And I was looking at it completely backwards, because I have these amazing, life-changing works, and I wanted people to see them, I so wanted people to see them, to get out their into the world and start doing their thing. I erroneously made myself the supplicant, because I had this great work, and I wanted it out there. But what is "out there" in this context? I realize that no one will see them in these magazines anyway. They're not read. People don't even know they exist. And they employ people--"employ" as in, have grad students there who want to be writers and grow up to work at these venues when they are also a professor down the hallway--whose job it is is to ask established writers--and it takes very little to qualify as that----to give them anything. Anything! It goes in sight unseen. So. Enough. Enough with any trace of supplication. I've played into this, and my productivity has as well, because I was always getting back in line, always coming around with a knock on the door and something new, after thirty-eight other new and impressive achievements, too, and proof--links--of that, because I have far more material than anyone, and that is not even close.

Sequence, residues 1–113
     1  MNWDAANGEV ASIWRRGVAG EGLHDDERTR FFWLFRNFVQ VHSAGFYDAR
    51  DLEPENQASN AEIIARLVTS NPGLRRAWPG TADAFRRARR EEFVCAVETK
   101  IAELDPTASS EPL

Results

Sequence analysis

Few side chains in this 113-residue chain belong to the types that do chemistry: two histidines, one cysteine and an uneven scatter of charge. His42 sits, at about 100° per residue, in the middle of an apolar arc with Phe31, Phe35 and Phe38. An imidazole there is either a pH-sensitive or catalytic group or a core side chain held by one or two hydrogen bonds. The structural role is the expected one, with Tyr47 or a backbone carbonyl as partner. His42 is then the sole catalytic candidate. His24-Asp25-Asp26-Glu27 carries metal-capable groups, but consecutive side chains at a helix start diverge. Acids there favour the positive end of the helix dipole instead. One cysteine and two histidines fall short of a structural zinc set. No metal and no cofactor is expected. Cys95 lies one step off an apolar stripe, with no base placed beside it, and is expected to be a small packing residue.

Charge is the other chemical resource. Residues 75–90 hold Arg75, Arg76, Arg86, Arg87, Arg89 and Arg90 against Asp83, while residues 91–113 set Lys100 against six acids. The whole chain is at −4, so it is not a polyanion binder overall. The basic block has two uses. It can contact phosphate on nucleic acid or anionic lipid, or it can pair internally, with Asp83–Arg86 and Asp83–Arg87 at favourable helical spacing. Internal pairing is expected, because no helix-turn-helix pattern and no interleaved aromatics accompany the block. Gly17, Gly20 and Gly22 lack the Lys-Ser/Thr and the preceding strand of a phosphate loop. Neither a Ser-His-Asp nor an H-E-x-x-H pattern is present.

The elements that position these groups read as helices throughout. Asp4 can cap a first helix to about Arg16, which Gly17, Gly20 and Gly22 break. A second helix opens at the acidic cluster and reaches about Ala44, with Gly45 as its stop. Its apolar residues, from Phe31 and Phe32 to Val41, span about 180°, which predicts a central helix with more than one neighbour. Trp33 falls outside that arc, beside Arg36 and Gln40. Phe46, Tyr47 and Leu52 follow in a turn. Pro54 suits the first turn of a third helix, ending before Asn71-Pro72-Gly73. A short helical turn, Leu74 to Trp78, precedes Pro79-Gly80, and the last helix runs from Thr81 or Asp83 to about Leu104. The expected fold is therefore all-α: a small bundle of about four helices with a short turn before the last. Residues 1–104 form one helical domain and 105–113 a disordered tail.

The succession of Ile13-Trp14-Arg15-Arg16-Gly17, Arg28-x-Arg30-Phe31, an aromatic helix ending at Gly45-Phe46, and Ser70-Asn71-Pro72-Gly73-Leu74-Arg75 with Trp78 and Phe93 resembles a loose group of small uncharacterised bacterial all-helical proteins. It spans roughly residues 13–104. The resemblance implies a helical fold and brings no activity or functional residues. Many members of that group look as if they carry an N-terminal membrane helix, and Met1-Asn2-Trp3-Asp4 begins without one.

It's hard for people to write their rubbish story that offers nothing--that will take them years to do the one. They will come up with their feeble idea that is some pastiche from their grad school life, they'll struggle to actually get words on the page, they'll do twenty bad drafts, they'll draw it out--because there's nothing there--and they'll have their friends--who are just like them--give their "notes," like they'll give their friends notes, and enough of these friends will say it's good--they'll lie--that when the bad story comes out in the venue no one reads, that writer will go on Facebook and thank the friends who gave their notes and "support"--they honestly talk that way--and if that writer is an editor, you can bet your last penny, my friends, that the friends they cited will be in their journal no one reads soon enough.